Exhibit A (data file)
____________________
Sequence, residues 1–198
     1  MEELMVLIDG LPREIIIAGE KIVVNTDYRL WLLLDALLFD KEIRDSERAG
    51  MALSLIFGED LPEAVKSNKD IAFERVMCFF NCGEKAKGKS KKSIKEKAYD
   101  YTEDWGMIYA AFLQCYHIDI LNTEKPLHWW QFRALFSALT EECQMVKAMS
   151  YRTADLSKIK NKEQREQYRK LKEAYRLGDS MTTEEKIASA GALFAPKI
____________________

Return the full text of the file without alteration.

Sequence, residues 1–198
     1  MEELMVLIDG LPREIIIAGE KIVVNTDYRL WLLLDALLFD KEIRDSERAG
    51  MALSLIFGED LPEAVKSNKD IAFERVMCFF NCGEKAKGKS KKSIKEKAYD
   101  YTEDWGMIYA AFLQCYHIDI LNTEKPLHWW QFRALFSALT EECQMVKAMS
   151  YRTADLSKIK NKEQREQYRK LKEAYRLGDS MTTEEKIASA GALFAPKI